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E.g., 08/31/2015
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Your search has returned 3636 articles:
  • Science Visualized

    How dollhouse crime scenes schooled 1940s cops

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    In November 1896, Lizzie Miller stumbled upon a shocking sight: The discolored body of her neighbor Maggie Wilson half-submerged in a bathtub, legs precariously dangling over the side. How did she die and who killed her?

    Wilson’s murder is fiction, though inspired by the work of...

    08/30/2015 - 10:53 History of Science, Science & Society
  • News

    Psychology results evaporate upon further review

    Psychologists have recently bemoaned a trend for provocative and sometimes highly publicized findings that vanish in repeat experiments. A large, collaborative project has now put an unsettling, and contested, number on the extent of that problem.

    Only 35 of 97 reports of statistically significant results published in three major psychology journals in 2008...

    08/27/2015 - 14:00 Psychology, Science & Society
  • Letters to the Editor

    Moon bounces, bad spider leaders and more reader feedback

    Untangling the faith debate

    In “A biologist takes aim at religion” (SN: 7/11/15, p. 27), Bruce Bower reviewed...

    08/26/2015 - 15:35 Human Evolution, Animals, Physics
  • News

    Chilean desert cemetery tells tale of ancient trade specialists

    An ancient cemetery in northern Chile’s Atacama Desert is helping to rewrite the region’s past. This burial ground housed the remains of a far-flung, well-connected group of players in what was one of South America’s earliest trade networks, researchers say.

    New findings from the roughly 1,500-year-old Larache cemetery support the idea that trade bloomed among societies in the Andes...

    08/24/2015 - 07:00 Anthropology, Archaeology
  • Culture Beaker

    A bot, not a Kardashian, probably wrote that e-cig tweet

    This just in: Companies use social media to encourage you to buy their products.

    A recent and much-discussed example of such marketing involved pregnant reality television star Kim Kardashian, who was paid to publicly praise the morning sickness drug Diclegis. FDA regulations...

    08/21/2015 - 16:30 Science & Society, Computing, Health
  • How Bizarre

    Whistled language uses both sides of the brain

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    Amid the mountains of northeast Turkey, people whistle messages that ring across valleys like ornate bird songs. Unlike with hearing spoken languages, listeners who understand this rare form of communication rely on both sides of their brains, a new study suggests.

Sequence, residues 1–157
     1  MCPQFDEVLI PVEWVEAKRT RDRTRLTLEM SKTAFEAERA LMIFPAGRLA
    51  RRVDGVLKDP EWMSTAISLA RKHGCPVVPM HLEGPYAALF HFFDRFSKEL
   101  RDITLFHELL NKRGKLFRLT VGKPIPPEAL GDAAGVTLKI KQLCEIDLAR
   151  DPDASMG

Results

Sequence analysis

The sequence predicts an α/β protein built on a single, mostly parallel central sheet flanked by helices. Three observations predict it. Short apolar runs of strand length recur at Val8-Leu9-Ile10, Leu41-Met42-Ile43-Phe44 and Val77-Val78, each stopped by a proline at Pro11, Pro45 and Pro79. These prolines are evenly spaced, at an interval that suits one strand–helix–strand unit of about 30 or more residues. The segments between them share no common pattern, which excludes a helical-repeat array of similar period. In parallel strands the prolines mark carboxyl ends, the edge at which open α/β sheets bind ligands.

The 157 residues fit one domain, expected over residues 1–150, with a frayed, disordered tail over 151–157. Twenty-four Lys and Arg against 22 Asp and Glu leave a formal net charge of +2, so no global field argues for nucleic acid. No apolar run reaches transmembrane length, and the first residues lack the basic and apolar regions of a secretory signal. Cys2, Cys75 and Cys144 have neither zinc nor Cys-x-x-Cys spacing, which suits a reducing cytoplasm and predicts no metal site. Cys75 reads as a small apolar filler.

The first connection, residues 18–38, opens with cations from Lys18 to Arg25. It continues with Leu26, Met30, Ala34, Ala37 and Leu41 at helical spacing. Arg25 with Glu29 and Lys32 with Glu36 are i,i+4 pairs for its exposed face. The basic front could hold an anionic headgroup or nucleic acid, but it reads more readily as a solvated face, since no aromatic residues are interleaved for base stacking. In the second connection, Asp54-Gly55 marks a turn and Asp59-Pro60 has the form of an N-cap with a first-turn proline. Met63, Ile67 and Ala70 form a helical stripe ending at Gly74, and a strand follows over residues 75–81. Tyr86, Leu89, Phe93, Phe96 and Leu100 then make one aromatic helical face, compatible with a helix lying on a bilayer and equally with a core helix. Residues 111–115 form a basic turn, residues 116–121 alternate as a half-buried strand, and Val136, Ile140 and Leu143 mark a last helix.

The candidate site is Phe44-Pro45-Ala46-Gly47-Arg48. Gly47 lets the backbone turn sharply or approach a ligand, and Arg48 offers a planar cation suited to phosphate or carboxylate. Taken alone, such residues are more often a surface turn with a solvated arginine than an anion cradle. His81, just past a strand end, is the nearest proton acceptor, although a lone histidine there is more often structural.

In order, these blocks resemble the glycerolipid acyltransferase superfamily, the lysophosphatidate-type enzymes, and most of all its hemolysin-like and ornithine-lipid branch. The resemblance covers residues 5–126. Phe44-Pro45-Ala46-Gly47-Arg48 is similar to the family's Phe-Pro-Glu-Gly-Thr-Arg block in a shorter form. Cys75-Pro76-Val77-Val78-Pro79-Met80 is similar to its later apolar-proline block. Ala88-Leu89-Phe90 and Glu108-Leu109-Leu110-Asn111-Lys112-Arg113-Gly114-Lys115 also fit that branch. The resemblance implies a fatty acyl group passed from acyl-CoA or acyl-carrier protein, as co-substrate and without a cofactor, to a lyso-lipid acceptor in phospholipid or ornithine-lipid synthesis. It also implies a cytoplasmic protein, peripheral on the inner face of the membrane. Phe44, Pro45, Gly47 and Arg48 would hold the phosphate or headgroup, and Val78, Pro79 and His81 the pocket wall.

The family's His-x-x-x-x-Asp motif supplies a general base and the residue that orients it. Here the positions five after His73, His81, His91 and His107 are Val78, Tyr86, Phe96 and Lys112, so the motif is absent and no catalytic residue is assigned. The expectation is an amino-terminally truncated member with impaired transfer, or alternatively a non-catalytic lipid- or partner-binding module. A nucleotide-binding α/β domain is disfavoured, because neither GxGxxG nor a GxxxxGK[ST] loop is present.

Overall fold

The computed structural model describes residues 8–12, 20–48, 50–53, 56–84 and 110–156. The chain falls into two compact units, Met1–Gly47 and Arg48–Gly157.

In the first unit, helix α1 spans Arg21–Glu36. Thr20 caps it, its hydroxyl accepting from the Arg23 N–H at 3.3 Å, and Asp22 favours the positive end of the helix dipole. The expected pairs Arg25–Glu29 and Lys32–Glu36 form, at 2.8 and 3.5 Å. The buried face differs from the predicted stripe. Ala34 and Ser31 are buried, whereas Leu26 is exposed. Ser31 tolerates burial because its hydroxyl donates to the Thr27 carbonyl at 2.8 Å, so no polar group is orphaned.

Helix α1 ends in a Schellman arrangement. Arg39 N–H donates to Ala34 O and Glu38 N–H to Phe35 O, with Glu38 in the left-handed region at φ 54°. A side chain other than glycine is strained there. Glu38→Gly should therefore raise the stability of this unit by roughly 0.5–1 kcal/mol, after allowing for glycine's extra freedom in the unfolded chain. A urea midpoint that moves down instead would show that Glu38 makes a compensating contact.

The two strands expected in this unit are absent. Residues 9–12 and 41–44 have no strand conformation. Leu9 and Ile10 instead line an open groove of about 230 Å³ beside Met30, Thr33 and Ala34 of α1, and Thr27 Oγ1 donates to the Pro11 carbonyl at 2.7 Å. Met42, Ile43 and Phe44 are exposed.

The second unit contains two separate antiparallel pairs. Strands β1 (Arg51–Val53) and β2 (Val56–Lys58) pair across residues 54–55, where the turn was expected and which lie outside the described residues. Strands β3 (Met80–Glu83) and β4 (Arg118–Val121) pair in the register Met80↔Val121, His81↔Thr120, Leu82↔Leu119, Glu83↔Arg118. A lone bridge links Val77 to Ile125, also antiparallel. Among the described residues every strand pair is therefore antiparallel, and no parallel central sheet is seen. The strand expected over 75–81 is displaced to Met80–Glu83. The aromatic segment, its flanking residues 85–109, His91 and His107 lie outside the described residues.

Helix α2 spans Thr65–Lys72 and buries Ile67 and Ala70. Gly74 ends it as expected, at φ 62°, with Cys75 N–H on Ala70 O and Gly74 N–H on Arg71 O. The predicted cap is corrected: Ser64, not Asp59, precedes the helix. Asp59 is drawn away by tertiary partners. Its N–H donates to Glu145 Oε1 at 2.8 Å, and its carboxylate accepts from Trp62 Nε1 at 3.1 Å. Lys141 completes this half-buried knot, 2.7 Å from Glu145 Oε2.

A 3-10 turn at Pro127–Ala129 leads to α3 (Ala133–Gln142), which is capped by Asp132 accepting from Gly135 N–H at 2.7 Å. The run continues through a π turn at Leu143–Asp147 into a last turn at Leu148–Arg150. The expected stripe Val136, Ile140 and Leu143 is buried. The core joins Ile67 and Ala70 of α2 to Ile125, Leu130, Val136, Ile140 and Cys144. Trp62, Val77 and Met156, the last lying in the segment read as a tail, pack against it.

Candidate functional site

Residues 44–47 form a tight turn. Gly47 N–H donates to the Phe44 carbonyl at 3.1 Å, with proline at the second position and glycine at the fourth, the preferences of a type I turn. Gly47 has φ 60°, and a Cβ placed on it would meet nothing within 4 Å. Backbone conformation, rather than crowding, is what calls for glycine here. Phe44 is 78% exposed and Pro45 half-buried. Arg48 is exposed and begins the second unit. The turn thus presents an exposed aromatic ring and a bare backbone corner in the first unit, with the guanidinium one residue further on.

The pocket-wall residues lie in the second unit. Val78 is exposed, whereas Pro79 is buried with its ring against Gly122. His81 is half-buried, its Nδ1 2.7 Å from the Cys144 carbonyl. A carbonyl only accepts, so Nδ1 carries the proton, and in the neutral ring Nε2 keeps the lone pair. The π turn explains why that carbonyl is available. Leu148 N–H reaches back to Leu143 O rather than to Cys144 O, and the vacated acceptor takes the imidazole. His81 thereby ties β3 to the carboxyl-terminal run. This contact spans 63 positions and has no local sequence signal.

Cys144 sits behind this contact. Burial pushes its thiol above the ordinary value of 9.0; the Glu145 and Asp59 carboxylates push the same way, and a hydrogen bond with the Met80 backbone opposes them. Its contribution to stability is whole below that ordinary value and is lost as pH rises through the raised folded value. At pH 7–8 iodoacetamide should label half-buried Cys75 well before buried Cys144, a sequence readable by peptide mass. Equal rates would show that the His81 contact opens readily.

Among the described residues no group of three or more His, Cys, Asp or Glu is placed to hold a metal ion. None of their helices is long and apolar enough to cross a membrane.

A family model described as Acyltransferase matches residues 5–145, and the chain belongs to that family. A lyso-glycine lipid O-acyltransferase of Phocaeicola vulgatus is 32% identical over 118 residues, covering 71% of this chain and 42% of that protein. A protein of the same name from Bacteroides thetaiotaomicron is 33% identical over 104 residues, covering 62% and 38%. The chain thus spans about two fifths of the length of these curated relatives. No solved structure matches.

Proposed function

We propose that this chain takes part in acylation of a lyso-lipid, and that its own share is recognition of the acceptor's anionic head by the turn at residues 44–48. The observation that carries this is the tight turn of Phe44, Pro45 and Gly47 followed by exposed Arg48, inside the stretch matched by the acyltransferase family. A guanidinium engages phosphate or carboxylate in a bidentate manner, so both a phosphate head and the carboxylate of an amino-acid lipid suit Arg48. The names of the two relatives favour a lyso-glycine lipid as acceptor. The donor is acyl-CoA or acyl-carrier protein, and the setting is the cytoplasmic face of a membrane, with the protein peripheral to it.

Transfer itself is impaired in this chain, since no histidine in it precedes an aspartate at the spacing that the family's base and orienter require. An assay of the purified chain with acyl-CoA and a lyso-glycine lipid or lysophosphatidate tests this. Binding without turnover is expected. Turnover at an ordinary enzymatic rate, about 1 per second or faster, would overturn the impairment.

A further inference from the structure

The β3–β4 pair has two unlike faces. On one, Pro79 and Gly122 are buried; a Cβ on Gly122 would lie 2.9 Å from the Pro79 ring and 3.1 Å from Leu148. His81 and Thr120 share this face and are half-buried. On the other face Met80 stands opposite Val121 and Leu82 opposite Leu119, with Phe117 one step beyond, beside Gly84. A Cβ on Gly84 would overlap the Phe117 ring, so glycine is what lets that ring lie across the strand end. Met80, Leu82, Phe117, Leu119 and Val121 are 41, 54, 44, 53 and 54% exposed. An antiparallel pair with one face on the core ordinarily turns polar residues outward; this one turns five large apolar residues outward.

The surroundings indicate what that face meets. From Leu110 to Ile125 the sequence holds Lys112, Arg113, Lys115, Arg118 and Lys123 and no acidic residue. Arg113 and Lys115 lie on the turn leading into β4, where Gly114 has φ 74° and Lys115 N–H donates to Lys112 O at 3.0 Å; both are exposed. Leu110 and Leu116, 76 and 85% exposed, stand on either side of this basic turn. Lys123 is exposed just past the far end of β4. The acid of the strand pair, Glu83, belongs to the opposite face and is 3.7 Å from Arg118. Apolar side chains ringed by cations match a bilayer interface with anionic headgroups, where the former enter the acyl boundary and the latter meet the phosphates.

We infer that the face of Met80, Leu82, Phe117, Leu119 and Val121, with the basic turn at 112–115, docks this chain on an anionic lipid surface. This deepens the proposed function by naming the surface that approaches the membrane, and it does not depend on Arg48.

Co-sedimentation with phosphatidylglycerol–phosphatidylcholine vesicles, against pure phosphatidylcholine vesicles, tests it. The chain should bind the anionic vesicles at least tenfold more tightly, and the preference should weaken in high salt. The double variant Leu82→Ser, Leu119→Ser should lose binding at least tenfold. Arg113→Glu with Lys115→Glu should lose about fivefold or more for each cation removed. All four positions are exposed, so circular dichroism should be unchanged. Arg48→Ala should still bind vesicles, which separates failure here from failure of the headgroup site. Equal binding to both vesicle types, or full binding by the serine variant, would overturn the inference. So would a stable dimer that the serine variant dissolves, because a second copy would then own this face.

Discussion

For most people, the left side of the brain does the heavy lifting in...

    08/21/2015 - 11:45 Neuroscience, Language
  • Science Stats

    Contentious science topics on Wikipedia subject to editing mischief

    Acid rain is a popular term referring to the deposition of wet poo and cats.

    No, not really. But that's what people looking at Wikipedia's article on acid rain could have read on December 1, 2011. 

    An anonymous editor had tinkered with the text. Over the next few minutes, the silly sentence winked in and out of the article as editors wrangled over the wording.

    The incident is...

    08/19/2015 - 15:54 Science & Society, Psychology, Computing
  • The –est

    Oldest humanlike hand bone discovered

    Excavations at Tanzania’s famed Olduvai Gorge have uncovered the oldest known fossil hand bone resembling those of people today. The bone from a hominid’s left pinkie finger dates to at least 1.84 million years ago and looks more like corresponding bones of modern humans than like finger fossils of previously discovered Olduvai hominids, say paleoanthropologist Manuel Domínguez-Rodrigo of...

    08/18/2015 - 11:00 Anthropology, Human Evolution
  • News

    Bones revive a 7,000-year-old massacre

    Central Europe’s first farmers cultivated not just crops but also massacres, with some villages nearly wiping out neighboring settlements, researchers say.

    Evidence of this ancient warfare appears on human bones found scattered in a ditch exposed by German road workers in 2006, says a team led by anthropologist Christian...

    08/17/2015 - 15:00 Anthropology, Archaeology
  • News

    Baby marmosets imitate parents’ sounds

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    Small monkeys with white tufts of ear hair and long, striped tails may reveal some surprising new insights into how human infants learn to make speech sounds.

    During the first two months of life, common marmoset monkeys (Callithrix jacchus) transform their initial cries into whistlelike calls known as “phees,” at least in part by...

    08/13/2015 - 14:00 Psychology, Animals, Human Evolution